Judging from the chalkboards quite a few of Xabi’s passes were side to side. A quick look at his other performances and this is a repetitive trend. Xabi also rarely made passes in the defensive third or the final third of the pitch, doing the majority of his work inside the central area of the pitch. A trait of his that sets him apart is his distribution over long distances. There are quite a few long passes shown in the chalk boards above, a quick check of our stats centre shows that Xabi completed fifteen long passes in this match, with the majority being forward long passes.
Mascher’s best performance 08/09
Javier Mascherano’s best performance in the 2008/09 season came away at Newcastle United (A) where Liverpool won 5-1. Mascherano’s pass completion percentage was an impressive 93.6% completing 73 of 78 passes. A somewhat surprising statistic, checked on our own Stats Centre, shows that Mascherano’s passing wasn’t limited to short passes. He made 16 successful long passes, but this is misleading as the majority of Mascherano’s long passes were square passes and not defence splitting or more difficult forward passes. You can see these on the chalkboards above.
Overall, in comparison to Xabi’s passes it is quite evident that Mascherano passes the ball to his left or right a lot more than Xabi does which indicates that Mascherano would make a lot more easier passes than Xabi would.
So back to the argument we touched on earlier regarding whether Mascherano was a good passer of the ball. In our opinion anyone who has a season long pass completion percentage above 80% would have to be recognised as a player that can pass even though the chalkboards seem to show his stats are on the higher side because of his tendency to pass the ball square rather than forward.
Lucas’s best performance 08/09
Lucas Leiva’s best performance of the 2008/09 season, unsurprisingly, also came in Newcastle United (A) game. His pass percentage was at 90% with 54 passes completed out of 60. The first half chalkboard above shows that whilst the game was tight Lucas, like Mascherano, was content in playing the ball square and back and kept possession well. The 2nd half chalkboard definitely shows less passes overall but more, albeit shorter, passes forward and a few long passes too. One of these passes was an assist for Steven Gerrard’ss 2nd goal of the game. Lucas’s long passes total was low in comparison to his colleagues with only seven long passes in this game.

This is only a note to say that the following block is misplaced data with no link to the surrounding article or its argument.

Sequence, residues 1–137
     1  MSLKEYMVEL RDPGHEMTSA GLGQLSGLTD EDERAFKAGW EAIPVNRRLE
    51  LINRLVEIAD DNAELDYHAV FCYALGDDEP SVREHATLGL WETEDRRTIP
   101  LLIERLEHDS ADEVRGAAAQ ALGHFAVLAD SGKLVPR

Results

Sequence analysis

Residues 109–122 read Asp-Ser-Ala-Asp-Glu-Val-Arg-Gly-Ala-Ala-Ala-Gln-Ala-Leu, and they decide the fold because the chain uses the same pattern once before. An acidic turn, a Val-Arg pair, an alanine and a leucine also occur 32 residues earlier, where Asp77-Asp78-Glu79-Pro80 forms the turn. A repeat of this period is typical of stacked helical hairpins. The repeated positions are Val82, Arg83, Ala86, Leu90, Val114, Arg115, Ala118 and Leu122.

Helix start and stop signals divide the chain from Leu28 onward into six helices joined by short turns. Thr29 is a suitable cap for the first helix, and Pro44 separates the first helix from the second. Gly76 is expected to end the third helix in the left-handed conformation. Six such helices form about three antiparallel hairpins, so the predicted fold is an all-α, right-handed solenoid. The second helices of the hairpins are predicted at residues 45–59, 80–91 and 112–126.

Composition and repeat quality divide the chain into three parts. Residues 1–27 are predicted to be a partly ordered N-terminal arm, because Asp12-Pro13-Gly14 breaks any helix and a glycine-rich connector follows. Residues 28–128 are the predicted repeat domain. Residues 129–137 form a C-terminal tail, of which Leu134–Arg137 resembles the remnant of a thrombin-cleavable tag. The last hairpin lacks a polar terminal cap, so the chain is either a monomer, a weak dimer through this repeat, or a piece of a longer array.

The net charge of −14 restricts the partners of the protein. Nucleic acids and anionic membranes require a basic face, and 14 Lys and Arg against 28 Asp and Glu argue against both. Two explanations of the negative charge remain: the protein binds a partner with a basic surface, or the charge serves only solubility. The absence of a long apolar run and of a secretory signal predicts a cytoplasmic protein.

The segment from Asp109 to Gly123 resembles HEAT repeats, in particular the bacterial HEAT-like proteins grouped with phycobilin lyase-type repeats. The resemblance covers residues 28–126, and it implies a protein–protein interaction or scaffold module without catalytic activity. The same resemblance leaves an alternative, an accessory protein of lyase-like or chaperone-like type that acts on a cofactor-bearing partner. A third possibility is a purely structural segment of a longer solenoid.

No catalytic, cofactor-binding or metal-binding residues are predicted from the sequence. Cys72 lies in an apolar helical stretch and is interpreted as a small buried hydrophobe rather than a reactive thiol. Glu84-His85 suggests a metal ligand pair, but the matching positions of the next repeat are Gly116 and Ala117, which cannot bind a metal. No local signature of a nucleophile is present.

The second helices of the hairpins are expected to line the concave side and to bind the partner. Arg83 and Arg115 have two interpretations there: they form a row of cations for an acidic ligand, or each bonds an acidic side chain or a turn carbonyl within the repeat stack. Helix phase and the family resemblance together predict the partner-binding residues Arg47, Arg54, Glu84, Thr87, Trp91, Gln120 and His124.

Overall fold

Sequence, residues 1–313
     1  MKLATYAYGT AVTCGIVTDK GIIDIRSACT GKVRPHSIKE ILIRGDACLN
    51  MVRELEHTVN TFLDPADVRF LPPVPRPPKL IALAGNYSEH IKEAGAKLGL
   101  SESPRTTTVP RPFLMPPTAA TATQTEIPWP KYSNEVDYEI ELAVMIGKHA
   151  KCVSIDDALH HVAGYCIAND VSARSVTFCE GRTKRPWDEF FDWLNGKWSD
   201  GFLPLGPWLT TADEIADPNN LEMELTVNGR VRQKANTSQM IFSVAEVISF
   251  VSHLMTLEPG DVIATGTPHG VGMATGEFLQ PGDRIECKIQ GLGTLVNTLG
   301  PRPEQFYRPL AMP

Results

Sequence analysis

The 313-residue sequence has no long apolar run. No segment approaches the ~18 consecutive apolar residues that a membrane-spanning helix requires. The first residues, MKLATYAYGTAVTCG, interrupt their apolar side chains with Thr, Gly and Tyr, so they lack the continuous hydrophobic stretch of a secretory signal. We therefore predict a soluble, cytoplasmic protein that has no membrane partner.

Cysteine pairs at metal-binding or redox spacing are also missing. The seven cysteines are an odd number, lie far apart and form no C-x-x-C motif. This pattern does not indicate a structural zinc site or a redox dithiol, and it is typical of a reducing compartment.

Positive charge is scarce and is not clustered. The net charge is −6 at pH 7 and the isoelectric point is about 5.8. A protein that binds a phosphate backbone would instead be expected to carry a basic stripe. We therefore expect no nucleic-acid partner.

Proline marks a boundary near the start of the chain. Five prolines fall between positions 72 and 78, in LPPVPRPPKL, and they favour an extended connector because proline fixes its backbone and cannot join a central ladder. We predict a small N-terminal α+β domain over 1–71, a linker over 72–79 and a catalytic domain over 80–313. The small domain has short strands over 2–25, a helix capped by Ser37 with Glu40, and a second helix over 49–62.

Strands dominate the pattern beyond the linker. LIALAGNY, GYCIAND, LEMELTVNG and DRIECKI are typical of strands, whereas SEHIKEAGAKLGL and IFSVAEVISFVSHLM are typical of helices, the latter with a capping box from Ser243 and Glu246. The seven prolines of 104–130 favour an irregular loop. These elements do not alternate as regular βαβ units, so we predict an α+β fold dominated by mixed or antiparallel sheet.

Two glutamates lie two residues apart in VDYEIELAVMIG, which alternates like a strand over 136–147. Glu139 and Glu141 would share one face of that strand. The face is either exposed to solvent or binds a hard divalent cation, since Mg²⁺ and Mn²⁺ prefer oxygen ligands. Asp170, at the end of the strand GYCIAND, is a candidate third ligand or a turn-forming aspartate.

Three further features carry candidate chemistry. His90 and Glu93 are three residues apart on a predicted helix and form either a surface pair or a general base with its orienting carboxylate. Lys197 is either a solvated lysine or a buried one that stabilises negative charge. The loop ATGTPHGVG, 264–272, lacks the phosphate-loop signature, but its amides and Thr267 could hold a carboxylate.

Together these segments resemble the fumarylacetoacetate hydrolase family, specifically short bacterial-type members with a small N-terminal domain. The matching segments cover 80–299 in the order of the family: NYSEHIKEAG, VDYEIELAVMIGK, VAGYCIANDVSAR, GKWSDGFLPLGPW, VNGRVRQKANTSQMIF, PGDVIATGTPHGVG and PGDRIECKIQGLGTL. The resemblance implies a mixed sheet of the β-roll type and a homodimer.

Xabi Alonso came on as a substitute in this game (last 30 minutes) when the score was 3-1, scored a penalty and had a 96% pass completion percentage, completing 22 out of 23 passes. Four of these were long passes. We didn’t use this performance in the comparison as he only played 30 minutes and came on when the game was pretty much won so this would have been unfair on the two other players in the comparison.
Looking at all three players passing stats and chalkboards; Xabi is definitely streets ahead even though the pass completions are similar. All three midfielders have played the ball sideways a lot but that is part and parcel of their role however Xabi’s chalkboards show that he is always looking for a forward pass whereas this is not the case with Lucas or Mascherano. The stats/diagrams also showed similarities in the zonal passing areas with all three players passing more in the central areas and not dropping too far back or committing themselves forward. Rafa had the team well drilled with Benayoun, Kuyt, Gerrard & Torres doing the majority of the work in the attacking third of the pitch (We’ll be covering goals scoring and creativity in the third instalment of this article next week)
To conclude, the fact that Xabi’s passing is consistent even when the team is under pressure shows his natural ability to remain calm and keep passing the ball no matter what the situation. This is something Liverpool require in the current team and even though Lucas is passing the ball well at the moment he cannot imitate some of the characteristics that Xabi Alonso brought to Liverpool.
Javier Mascherano’s qualities will be displayed in the next instalment of this article next week when we look at defensive / tackling comparison between the three midfielders! The third instalment will look at creativity and goal scoring so that we cover off all areas of their game also next week whilst the International break is upon us!